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Third Circuit Says Government Can’t Infringe upon the Right of Allocution (U.S. v. Jason Moreno)
From July 2005 to November 2007, the defendant (Moreno) was an appraiser in a mortgage fraud scheme who for payment provided inflated appraisals to other scheme members. He also acted as broker, buyer, or seller in other fraudulent transactions. A federal jury convicted him of multiple counts of wire fraud and conspiracy to commit wire fraud. After receiving a 96-month prison, he appealed to the U.S. Court of Appeals for the Third Circuit.
Two main issues: The Confrontation Clause and Moreno’s right of allocution
A co-conspirator became a government’s witness at trial after entering a plea agreement. On redirect and at the prosecutor’s request, the witness read into the record portions of memoranda, written by a U.S. Secret Service agent, that summarized the witness’s pretrial interviews. Moreno claimed the act violated the Confrontation Clause. The court found that a Confrontation Clause violation occurred because 1.) the memoranda were testimonial and 2.) the agent was in fact available to testify. But the court determined that the violation was harmless because, after reviewing a number of factors, the guilty verdict was not affected by the statements.
Regarding the right of allocution, however, the Court granted relief. Before imposing sentence, a district court must “address the defendant personally in order to permit the defendant to speak or present any information to mitigate the sentence….” Fed. R. Crim. P. 32(i)(4)(A)(2). Moreno claims this right was violated when during sentencing allocution, the prosecutor cross-examined him vigorously, resulting in Moreno making several admissions about the conspiracy which the prosecutor then used in his sentencing argument. The court found the cross-examination to be contrary to Rule 32 and the purposes of allocution set forth in Ward. It vacated the sentence and remanded for resentencing.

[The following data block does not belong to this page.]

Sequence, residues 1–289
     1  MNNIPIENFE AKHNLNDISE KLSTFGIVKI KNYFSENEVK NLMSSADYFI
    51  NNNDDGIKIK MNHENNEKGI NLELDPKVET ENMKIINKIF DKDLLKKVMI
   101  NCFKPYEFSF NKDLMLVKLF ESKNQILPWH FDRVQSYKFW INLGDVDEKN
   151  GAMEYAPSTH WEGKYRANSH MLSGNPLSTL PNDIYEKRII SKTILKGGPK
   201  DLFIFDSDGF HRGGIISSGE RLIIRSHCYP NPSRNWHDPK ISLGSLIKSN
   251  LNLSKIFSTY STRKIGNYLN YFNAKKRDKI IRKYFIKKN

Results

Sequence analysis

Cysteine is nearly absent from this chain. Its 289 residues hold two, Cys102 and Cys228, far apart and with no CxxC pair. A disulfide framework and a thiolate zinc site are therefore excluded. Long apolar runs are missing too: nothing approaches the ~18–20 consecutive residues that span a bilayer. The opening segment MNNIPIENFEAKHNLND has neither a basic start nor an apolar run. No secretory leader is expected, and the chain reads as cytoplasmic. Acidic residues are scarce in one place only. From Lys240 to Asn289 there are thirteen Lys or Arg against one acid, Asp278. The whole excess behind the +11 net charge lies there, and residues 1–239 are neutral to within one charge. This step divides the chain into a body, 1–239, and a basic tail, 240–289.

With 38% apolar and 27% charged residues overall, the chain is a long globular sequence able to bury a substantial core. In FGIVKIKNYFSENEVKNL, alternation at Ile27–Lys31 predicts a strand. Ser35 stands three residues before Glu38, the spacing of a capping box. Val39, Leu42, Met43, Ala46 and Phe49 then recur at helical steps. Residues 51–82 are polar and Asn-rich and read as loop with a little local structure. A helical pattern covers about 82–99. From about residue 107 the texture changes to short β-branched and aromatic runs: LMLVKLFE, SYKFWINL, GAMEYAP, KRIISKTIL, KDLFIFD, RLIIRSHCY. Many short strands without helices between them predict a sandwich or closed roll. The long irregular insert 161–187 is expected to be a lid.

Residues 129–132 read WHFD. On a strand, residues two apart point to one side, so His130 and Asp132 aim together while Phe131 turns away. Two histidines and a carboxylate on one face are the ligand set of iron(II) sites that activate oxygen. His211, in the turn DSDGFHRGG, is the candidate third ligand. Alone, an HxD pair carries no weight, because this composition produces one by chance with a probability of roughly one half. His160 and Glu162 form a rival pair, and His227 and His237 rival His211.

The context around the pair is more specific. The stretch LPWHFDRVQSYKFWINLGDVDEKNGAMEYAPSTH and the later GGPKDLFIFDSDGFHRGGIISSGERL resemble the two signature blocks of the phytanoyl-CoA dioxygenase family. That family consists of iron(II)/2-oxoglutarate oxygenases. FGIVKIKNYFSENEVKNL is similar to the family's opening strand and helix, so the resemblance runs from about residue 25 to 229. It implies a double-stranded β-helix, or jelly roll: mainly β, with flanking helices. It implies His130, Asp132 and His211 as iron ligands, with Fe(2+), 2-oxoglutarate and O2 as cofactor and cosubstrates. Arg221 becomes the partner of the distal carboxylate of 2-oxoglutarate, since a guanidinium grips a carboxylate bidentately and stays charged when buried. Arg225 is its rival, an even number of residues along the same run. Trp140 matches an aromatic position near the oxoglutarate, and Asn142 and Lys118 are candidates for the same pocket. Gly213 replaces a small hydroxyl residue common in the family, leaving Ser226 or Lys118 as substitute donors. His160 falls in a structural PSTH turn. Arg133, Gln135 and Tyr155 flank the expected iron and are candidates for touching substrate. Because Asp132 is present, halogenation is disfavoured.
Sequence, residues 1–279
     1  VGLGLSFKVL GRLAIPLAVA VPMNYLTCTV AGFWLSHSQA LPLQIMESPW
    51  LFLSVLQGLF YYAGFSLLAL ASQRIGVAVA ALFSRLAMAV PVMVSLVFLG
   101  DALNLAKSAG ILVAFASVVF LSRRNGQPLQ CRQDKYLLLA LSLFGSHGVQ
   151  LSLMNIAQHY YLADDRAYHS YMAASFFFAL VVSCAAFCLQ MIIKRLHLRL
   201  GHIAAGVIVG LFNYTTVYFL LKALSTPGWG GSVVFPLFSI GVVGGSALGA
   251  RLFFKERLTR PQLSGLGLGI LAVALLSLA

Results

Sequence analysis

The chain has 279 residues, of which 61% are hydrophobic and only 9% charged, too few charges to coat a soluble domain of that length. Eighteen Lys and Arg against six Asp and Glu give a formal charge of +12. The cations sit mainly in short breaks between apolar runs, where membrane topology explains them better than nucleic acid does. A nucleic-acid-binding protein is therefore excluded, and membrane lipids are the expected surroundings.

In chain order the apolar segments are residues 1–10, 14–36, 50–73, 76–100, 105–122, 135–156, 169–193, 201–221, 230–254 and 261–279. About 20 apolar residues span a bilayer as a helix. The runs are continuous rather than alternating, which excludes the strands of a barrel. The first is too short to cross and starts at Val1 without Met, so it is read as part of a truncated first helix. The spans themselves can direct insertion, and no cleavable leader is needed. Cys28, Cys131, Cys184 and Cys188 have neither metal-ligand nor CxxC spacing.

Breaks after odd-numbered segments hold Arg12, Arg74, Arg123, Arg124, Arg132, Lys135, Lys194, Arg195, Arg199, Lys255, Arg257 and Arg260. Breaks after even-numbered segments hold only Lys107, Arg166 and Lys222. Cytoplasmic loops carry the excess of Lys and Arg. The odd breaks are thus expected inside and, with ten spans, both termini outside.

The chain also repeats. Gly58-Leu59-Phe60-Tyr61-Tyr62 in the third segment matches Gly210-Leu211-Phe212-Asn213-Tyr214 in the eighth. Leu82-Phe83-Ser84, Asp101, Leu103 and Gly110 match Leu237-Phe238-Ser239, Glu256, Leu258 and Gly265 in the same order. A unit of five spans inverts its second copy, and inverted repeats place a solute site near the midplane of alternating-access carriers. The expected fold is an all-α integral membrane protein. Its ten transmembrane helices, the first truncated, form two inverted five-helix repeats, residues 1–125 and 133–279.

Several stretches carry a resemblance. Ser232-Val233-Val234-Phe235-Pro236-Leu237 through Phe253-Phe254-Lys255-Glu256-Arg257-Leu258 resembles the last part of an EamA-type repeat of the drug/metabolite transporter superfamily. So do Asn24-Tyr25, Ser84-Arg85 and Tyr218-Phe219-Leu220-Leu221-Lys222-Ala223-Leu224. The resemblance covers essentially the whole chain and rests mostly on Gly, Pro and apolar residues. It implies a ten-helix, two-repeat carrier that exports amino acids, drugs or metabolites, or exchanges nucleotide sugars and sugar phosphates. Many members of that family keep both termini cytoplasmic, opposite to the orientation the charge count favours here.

1. A violation of the Confrontation Clause is not fatal to the government’s case; it may be determined to be harmless. The court will consider factors like the importance of the testimony to the government’s case and the strength of the government’s case as a whole. U.S. v Jimenez, 513 F.3d 62 (3d Cir. 2008).
2. At a defendant’s allocution, a prosecutor may not cross-examine the defendant and re-contest the factual issues of innocence or guilt. The purpose of allocution is to permit the defendant to raise mitigating circumstances to the sentencing court. U.S. v. Ward, 732 F.3d 175 (3d Cir. 2013)(three purposes of Fed. R. Crim. P. 32).
For more than twenty-five years, the Law Offices of Marc Neff has been defending the rights of individuals and corporations facing serious criminal charges. Throughout Pennsylvania, New Jersey, and elsewhere, Mr. Neff has successfully defended clients charged with white-collar crimes such as mail fraud and bank fraud, RICO, drug distribution, money laundering, sex crimes and other serious offenses.
Posted in: Federal White Collar Crime